Tuesday, February 19, 2013

Cost of Violence in Chicago: $2.5 Billion; A Relative of Victims of

The economic costs of violence in Chicago: $2.5 billion each year
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Syron Smith during a meeting with teens that he mentors.
The State of the Union isn't the only speech President Obama will give this week. On Friday, he'll address the nation from Chicago. The speech will be about gun violence and murder in the nation's third largest city and
across the country.
Last year, Chicago had 506 homicides, the most since 2008. Per capita, that's worse than both New York City and Los Angeles. In January, 42 people were killed, setting a pace that would surpass 2012. In fact, gun violence is actually down across the city overall since the early '90s. But certain neighborhoods on the South and West sides of the city have been decimated by violence -- neighborhoods like Englewood. And it's not just the people who are suffering.
The economy of Englewood has also been devastated. At one time, 63rd Street, a major east-west thoroughfare across the heart of Englewood, was a vibrant economic strip anchored by major department stores like Sears. Today, most major retailers, including the big grocery chains, have abandoned the area. Vacant lots, empty buildings and boarded-up businesses now dot the landscape where thriving enterprises once operated.
It's not just 63rd Street. The same is true of just about any other commercial street in Englewood and many of the residential areas in the South Side as well. One reason is that Englewood has one of the highest homicide rates in the city. It also has one of the highest unemployment rates. Forty percent of the people who live there are unemployed. And for those who do work in Englewood, dealing with violence has now become part of the job.
"One thing that happens when violence is driving people and business out of the city is that it obviously reduces the tax base, which denigrates the ability of the city government to address the violence problem, which generates more violence, which drives out more tax base," Ludwig says.
"So that's a very unfortunate cycle. What you wind up with in some of these very disadvantaged neighborhoods is even bigger concentrations of poverty, and all of that further fuels the risk of violence in the neighborhoods," he says. Ludwig estimates that the total social cost of violence in Chicago is $2.5 billion each year.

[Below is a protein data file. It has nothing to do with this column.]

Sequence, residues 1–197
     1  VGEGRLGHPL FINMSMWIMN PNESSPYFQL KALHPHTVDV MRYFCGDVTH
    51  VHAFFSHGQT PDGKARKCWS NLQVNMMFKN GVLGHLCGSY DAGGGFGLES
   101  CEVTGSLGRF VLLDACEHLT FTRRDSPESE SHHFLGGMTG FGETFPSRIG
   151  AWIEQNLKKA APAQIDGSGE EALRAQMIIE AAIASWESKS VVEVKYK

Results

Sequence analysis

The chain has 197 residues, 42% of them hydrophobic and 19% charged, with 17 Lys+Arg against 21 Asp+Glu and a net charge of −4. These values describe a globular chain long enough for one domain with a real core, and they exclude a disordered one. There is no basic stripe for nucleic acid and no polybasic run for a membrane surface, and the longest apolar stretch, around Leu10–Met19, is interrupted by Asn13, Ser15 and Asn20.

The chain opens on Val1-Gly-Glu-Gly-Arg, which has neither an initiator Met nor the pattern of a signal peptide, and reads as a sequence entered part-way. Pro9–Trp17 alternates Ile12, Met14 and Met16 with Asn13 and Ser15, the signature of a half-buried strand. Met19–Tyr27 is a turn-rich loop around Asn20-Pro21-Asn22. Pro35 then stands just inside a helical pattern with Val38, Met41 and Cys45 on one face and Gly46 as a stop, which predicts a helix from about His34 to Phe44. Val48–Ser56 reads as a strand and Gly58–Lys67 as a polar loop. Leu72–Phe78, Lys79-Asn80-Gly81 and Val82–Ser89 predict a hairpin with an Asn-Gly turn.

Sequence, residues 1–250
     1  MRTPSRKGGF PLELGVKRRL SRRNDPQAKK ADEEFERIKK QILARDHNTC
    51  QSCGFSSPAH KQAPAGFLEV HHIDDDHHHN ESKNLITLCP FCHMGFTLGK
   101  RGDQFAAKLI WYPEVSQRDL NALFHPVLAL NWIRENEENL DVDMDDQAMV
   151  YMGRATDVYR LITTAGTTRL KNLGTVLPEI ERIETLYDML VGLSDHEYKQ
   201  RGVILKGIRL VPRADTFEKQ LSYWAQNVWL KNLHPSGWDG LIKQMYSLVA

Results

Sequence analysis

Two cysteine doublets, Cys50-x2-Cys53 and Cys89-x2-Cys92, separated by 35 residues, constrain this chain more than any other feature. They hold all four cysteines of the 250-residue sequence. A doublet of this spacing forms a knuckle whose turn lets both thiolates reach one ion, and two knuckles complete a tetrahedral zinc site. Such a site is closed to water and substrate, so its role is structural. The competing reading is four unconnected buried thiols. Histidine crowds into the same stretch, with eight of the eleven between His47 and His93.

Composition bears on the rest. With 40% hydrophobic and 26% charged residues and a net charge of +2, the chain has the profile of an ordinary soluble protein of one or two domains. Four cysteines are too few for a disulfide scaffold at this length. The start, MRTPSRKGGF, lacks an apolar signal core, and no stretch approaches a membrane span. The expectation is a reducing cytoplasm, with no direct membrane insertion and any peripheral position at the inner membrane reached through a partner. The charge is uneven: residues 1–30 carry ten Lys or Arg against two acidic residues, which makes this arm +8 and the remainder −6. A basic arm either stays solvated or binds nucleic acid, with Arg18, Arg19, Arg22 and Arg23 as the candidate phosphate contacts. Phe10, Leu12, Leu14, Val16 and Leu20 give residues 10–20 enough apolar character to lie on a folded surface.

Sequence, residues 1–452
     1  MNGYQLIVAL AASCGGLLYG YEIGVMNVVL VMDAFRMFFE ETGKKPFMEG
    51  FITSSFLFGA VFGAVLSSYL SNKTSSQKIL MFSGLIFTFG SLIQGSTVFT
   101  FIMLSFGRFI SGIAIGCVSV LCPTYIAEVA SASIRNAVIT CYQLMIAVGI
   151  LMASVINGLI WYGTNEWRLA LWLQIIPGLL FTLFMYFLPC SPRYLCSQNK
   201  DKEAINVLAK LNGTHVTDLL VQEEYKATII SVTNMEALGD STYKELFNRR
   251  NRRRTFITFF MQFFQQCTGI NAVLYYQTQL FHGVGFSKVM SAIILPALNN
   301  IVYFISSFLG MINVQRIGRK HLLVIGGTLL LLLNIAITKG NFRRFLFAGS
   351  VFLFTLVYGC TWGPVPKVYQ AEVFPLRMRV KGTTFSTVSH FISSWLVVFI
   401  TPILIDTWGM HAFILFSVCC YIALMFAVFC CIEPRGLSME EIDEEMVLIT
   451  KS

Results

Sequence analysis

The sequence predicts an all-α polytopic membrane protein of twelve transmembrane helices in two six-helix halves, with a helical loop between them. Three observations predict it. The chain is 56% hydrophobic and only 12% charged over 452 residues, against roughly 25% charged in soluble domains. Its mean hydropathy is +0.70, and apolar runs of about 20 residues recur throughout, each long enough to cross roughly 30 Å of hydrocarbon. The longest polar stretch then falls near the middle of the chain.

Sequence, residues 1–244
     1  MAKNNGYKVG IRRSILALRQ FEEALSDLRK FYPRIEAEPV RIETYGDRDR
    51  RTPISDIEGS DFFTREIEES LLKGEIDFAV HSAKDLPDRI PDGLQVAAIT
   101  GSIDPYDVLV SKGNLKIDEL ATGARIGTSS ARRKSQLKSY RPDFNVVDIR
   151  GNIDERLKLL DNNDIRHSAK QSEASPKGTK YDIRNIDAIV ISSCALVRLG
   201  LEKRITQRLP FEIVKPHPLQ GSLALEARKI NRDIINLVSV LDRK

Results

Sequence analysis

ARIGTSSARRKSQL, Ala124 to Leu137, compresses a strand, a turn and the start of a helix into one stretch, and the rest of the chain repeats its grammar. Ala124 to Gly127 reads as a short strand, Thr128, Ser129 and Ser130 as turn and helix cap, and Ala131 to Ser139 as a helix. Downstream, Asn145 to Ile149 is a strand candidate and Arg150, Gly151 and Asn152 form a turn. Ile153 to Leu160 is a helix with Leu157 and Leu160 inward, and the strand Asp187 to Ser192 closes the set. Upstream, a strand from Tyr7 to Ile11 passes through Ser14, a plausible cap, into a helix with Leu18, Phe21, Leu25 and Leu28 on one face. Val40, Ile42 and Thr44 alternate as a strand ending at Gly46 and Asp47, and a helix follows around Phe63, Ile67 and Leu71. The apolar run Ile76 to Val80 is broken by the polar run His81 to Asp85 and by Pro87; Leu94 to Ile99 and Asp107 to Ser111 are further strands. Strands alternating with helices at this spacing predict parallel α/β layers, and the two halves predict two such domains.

Syron Smith is an exception to that rule. The 37-year-old office manager owns a home near Englewood with his wife, Jamika, and their 15-month old daughter, Mariah. Smith may be middle-class now, but he grew up in high rise housing projects -- mostly black, mostly poor -- and definitely violent. "I was born in '75, so I remember at 6 years old , which was '81, asking my mom, 'Why were blacks killing each other?'" says Smith.
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Advice to President Barack Obama for
His State of the Union Address
from a Relative of Victims of Violence
By Kimberly Johnson
A Relative of Multiple Shooting Victims
Blocked image I can recall not so long ago writing numerous letters to influential people in the city of Chicago asking them for help. I saw many of these same influential people who ignored my pleas at Hadiya Pendleton's funeral service. I asked for help for my eighteen year old daughter, Ryann Brown, who was a survivor of gun violence on March 2, 2006. She sustained a gunshot to her brain. The young man she was with, who was shot in the chest, succumbed to his injury. My pleas fell on deaf ears in 2006.
Since that time I have lost count of the number of young people slaughtered in Chicago by other young people that look like them. I have even lost my youngest son, Ricky Brown, to gun violence. My son was murdered in Englewood on March 21, 2012. Right now my fifteen year old nephew lives with two bullets in his body from two separate shootings. I would be remiss if I failed to mention our young people who have been slaughtered by the Chicago Police Department.
I believe your message to America should be that every young life in America is valuable. No matter their circumstance. We, as a country, must get to the root of the self- hatred that causes the violence. We must deal with the real causes and symptoms of gun violence. We repeatedly allow people who have ulterior motives to tell us how to stop violence in our communities instead of us, the people who suffer from violence, telling them how to stop violence in our communities.
Blocked image Yes we have Ceasefire, Black Star Project and numerous other organizations, but they have not impacted or made a difference in stemming this violence and genocide. Think about it! The numbers of the dead and injured are escalating as they do their work.
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Kimberly Johnson is a suppporter of The Black Star Project
Calling All Fathers, Stepfathers, Foster Fathers, Grandfathers, Godfathers, Uncles, Brothers and Male Caregivers!
The Black Star Project's
Million Fathers Club
to see the best
Men's College Basketball (FREE)
DePaul University
Blue Demons
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Rutgers University
Scarlet Knights
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Saturday, February 16, 2013
Allstate Arena
6920 North Mannheim Road
Rosemont, Illinois
Game starts at 12:00 noon